The New Year’s toast over with, Johnny slipped outside for some much needed time alone. Cold, fresh, air welcomed him on the veranda.
Sipping his drink, he headed for the wall separating the veranda from the yard. Resting his arms on top, drink in hand, he stared up at the sky.
The North Star shone bright and clear, and he remembered the wish he had made so many years ago as a scared boy.
Only ten, he had come home to hear his mother screaming. Running inside, he had found her man beating her yet again. It was obvious his mother had been fighting back as hard as she could. Scratches marked her abuser’s face and chest, blood streaming from them. What little clothing he was wearing was as torn as Maria’s undergarments.
The man picked his mother up and slammed her against the wall. With the sickening sound of shattering bone, his mother’s corpse slid down the wall, a dark swathe of slimy blood following her.
He had seen enough violence in his little life to know his mother was dead. Johnny wasted no time. His eyes traveled to the gun belt hanging over the corner post of the bed. The man stared at the body, heaving and panting, oblivious to Johnny.
The gringo turned when he heard the gun cock.
A wide, nasty, smile grew on his face. “And just what do you think you’re gonna do, little half-breed? Why, I’ll break you in two. Snap you like a twig. Maybe give you some of what I was givin’ your mama before she got all crazy on me.”
Johnny could still feel the calm that came over him back then. The hate and rage of the moment settled him. He never even flinched as the man moved forward.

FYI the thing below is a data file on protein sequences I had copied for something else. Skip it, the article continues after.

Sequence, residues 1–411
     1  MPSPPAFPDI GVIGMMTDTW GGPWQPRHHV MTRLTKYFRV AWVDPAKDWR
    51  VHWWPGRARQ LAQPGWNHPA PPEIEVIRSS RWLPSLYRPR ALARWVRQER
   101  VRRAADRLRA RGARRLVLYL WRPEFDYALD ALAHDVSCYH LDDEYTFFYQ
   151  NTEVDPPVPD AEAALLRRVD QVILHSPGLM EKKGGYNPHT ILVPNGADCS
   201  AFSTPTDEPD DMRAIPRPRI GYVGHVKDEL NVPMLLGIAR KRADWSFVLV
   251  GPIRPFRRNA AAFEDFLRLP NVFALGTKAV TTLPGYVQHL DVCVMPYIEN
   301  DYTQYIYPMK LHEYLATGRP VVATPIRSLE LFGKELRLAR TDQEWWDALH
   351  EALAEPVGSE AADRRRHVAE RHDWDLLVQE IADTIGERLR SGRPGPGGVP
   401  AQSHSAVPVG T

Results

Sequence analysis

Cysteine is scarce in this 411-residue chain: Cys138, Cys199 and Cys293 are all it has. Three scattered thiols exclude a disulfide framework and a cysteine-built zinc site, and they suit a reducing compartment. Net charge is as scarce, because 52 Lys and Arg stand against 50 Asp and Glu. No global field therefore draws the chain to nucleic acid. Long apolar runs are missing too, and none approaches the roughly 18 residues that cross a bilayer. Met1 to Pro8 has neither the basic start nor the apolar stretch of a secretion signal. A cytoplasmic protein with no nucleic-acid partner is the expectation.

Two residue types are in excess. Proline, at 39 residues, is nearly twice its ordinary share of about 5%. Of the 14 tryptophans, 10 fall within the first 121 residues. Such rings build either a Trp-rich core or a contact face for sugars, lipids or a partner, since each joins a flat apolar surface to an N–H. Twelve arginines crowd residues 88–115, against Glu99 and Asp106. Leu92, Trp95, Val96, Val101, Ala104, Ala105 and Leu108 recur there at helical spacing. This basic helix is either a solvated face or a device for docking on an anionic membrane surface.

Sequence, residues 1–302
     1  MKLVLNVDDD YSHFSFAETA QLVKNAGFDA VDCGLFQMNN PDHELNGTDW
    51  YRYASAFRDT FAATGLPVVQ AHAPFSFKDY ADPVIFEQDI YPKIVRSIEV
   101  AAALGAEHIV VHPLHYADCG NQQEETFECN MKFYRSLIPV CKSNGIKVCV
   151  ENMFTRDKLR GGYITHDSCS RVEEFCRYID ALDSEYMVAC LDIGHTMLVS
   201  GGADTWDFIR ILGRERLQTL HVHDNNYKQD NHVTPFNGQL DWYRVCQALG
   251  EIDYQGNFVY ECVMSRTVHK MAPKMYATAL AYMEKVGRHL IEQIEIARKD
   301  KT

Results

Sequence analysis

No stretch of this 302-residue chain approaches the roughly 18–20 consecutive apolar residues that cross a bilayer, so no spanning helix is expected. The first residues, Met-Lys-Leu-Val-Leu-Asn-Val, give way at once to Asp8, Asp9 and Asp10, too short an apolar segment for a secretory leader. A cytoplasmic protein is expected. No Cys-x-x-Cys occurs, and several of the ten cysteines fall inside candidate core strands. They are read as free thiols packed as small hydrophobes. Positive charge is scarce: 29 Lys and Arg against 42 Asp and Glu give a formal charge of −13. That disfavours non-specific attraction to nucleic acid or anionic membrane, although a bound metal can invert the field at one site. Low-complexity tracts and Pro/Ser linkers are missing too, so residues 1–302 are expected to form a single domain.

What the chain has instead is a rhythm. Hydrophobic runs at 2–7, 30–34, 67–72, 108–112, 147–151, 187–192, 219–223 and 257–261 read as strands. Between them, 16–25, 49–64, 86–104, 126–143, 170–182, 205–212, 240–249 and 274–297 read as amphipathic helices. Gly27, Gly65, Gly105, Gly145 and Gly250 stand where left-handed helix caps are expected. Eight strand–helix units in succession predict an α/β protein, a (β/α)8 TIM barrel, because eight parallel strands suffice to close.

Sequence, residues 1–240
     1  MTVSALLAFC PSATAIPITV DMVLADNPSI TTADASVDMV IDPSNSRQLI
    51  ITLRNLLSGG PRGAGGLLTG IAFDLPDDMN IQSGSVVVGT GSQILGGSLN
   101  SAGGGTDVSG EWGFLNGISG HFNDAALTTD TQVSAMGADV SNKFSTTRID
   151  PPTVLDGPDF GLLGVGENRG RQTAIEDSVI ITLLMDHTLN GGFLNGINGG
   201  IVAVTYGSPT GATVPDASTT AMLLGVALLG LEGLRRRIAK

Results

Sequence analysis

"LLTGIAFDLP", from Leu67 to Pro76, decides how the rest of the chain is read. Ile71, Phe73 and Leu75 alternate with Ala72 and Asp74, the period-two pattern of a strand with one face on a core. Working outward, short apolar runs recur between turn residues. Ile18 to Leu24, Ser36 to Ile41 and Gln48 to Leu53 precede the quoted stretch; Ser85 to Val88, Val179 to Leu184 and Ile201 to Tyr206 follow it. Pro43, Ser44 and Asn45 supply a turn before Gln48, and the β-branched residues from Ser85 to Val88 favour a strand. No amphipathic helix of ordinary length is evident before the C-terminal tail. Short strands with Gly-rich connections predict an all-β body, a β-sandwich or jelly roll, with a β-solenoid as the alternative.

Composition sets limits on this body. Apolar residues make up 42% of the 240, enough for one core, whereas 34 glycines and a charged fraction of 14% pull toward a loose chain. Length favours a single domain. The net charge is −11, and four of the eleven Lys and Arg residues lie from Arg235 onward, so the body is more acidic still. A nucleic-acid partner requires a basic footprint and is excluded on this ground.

The gun exploded, flame shooting from the barrel. Johnny saw the smoking hole as the bullet traveled through the man’s body, and heard it slam into the wall, as he struggled not to fall backward from the kick of the Colt.
The man grabbed his gut, staring at him with the eyes of a rabid dog.
“I’ll see you in hell you little bastard!”
Johnny pulled the trigger again.
He fired all six rounds into the man. As the blood spurted from the man’s body, Johnny held his gaze and gave an upward nod of his head before he dropped the gun by his side and smiled.
“Sure thing, gringo bastardo!”
He couldn’t remember running from the hole in the wall that they had lived in; only that he had.
Cold, fresh air had dried his tears that night, after he had sobbed himself to exhaustion.
It was there, curled up, no blanket, hidden behind some rocks and trees, he looked up to see the same North Star he was looking at now, and made one of many unrewarded wishes.
“Star light, star bright, first star I see tonight, I wish I may, I wish I might, have this wish I wish tonight. . . Por favor, please make my Papi’ want me, to take me home, to take care of me. I’ll be good, I promise.”
It was the last time he had wished for that, never again thinking about that particular wish, not until those last minutes before he was to die. Thinking then of all the wishes he had made that hadn’t come true. Still, he had made one more plea, to die quickly and with dignity.
Roaring laughter erupted behind him.
He looked back to the house and saw his father through the window.
Smiling, he looked up at the star once more.
“Thanks. Thanks for granting that one wish instead of all the others.”
He thought he saw the star twinkle back at him. He smiled, ducked his head, and leaned back, fingers curled on the edge the wall to keep him upright. Leaning forward, against the wall again, he wished,
“Star light, star bright, I wish I may, I wish I might, have this wish, I wish tonight. . . "
He looked back toward the house and saw his brother join their father. Turning back to the star, he finished,
“Don’t let it end.”
d.b.brisbin December, 2011